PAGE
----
My rating: 2 stars
Chernobyl Prayer by Svetlana Alexievich could have been an informative and absorbing read. However, it failed to enthral me, since the testimonies presented throughout this non-fiction book weren’t edited, analysed nor properly contextualised. Occasionally, it raises interesting questions, but they are never fully explored.
The Chernobyl nuclear accident, which happened on 26 April 1986, didn’t affect only Ukraine. High levels of radiation were reported throughout Europe. No country was as affected as Belarus, though. The incidence of cancer increased immensely, as did the mortality rate. Svetlana Alexievich decided to give a voice to some of those who were affected. She interviewed former workers of the power plant, people who returned to a village that had been evacuated, doctors, scientists, displaced people and soldiers. Many had already died when the book was first published.
The Communist authorities lied and hid critical information. They didn’t explain how the accident happened, and the population wasn’t informed about the consequences. Military officers and clean-up workers, for example, weren’t told about the dangers of exposition to radiation. The main security agency for the Soviet Union, KGB, ordered them never to speak about what they had seen. Propaganda was successfully employed to the point that even engineers started to believe in it. This is some of the scant significant information that I was reminded of while reading.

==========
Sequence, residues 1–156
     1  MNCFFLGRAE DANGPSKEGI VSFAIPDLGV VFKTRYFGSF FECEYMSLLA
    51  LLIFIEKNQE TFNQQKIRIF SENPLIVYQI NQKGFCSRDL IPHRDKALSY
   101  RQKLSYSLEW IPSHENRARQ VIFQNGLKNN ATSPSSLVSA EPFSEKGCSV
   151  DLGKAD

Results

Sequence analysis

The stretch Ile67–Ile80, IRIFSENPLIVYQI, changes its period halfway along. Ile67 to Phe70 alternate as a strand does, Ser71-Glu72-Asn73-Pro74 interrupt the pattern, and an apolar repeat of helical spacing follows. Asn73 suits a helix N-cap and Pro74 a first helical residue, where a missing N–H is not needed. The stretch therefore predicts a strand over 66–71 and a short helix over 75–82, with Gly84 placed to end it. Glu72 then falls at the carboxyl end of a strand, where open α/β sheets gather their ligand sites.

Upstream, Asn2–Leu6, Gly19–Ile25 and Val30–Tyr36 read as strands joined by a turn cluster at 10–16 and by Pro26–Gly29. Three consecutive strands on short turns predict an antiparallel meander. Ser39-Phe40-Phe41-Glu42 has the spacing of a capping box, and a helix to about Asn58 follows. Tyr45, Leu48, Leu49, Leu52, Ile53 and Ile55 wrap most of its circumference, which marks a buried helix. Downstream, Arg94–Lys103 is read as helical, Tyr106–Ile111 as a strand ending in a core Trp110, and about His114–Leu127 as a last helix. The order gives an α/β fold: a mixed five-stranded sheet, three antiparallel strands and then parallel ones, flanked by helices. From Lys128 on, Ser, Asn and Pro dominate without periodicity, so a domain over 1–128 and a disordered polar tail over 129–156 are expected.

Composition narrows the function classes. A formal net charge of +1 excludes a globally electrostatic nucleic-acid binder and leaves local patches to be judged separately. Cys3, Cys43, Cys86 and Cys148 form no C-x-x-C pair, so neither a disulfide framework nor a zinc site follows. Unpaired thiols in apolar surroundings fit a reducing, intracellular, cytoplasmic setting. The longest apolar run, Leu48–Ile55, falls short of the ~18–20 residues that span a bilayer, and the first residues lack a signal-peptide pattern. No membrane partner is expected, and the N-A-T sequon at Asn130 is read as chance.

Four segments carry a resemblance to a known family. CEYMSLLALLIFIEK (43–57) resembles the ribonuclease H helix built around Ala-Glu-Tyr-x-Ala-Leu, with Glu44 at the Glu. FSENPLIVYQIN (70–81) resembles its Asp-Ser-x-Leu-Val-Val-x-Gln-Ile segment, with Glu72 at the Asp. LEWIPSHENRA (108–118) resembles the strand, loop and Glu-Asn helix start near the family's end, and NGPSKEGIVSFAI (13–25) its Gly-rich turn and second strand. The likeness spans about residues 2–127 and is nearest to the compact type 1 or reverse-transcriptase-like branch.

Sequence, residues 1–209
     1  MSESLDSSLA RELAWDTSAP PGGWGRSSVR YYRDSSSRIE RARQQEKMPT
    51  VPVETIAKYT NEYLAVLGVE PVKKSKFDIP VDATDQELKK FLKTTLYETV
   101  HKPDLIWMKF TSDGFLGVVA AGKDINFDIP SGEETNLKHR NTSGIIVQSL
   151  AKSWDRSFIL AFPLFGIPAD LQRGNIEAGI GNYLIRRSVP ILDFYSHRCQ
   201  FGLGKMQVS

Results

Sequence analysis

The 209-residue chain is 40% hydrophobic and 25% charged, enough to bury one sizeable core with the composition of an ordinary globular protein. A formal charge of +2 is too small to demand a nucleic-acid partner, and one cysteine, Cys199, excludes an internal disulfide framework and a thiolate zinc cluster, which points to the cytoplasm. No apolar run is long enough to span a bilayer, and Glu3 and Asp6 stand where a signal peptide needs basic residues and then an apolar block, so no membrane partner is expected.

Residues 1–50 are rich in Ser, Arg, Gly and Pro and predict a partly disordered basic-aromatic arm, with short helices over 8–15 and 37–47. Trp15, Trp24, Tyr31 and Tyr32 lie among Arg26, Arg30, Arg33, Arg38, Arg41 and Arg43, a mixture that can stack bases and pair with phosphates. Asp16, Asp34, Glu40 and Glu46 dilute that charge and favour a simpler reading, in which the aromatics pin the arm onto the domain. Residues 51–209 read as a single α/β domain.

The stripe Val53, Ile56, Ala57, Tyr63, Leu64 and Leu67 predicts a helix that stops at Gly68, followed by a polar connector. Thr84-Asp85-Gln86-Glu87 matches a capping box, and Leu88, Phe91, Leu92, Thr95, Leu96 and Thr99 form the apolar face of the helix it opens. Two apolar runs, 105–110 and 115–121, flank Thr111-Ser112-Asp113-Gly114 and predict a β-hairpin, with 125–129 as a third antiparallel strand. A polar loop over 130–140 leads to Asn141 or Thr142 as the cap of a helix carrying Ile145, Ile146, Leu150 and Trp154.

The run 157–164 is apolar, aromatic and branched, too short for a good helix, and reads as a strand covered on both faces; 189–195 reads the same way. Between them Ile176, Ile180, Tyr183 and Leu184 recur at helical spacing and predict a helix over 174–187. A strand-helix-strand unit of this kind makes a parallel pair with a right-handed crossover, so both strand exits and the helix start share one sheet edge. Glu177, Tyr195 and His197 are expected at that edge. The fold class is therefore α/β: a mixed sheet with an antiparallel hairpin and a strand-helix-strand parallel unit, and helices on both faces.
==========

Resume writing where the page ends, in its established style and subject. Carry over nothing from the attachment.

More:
The book is a collection of several testimonies. They are written in the first person and are sometimes accompanied by short asides by the author, mentioning gestures or facial expressions. They seem to be just unedited transcriptions of the interviewees’ statements and are not supplemented with established facts about the incident. This causes a problem. If a couple of testimonies are touching and informative, the majority of them are superfluous and repetitive. Some don’t even recall specific personal experiences about the incident, but are mere rants. This is obviously not a criticism of the people that were interviewed and suffered so much, but of the author, who didn’t fully do her job as a storyteller.
Finishing this book was a struggle. I had to skim through it looking for interesting testimonies, which I then read more attentively. Two of them deserve to be highlighted. The first one is a powerful, touching monologue by the wife of a firefighter who was pregnant at the time. And, near the end, we are presented with an enlightening and informative testimony from a former director of the Institute of Atomic Energy, which could have served as the structural spine of the book.
When I got to the end of Chernobyl Prayer, I wasn’t much better informed about the accident. Maybe this wasn’t the purpose of the book. I was expecting it to be more than an assortment of testimonies, however.